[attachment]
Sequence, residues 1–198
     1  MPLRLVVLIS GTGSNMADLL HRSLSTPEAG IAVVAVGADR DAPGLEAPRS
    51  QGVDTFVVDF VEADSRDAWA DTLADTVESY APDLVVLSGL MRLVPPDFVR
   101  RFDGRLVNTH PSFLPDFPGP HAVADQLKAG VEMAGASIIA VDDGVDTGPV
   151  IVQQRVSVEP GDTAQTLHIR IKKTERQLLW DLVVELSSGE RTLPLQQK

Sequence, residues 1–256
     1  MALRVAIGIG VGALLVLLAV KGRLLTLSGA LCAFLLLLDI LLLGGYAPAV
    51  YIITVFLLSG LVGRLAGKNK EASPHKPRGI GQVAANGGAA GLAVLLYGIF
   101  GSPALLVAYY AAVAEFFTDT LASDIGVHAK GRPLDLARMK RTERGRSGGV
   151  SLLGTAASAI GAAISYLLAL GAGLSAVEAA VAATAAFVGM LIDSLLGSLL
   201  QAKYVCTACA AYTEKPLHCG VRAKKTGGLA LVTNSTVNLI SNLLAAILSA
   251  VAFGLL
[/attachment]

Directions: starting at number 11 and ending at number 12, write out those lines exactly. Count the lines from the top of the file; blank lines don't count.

   201  QAKYVCTACA AYTEKPLHCG VRAKKTGGLA LVTNSTVNLI SNLLAAILSA
   251  VAFGLL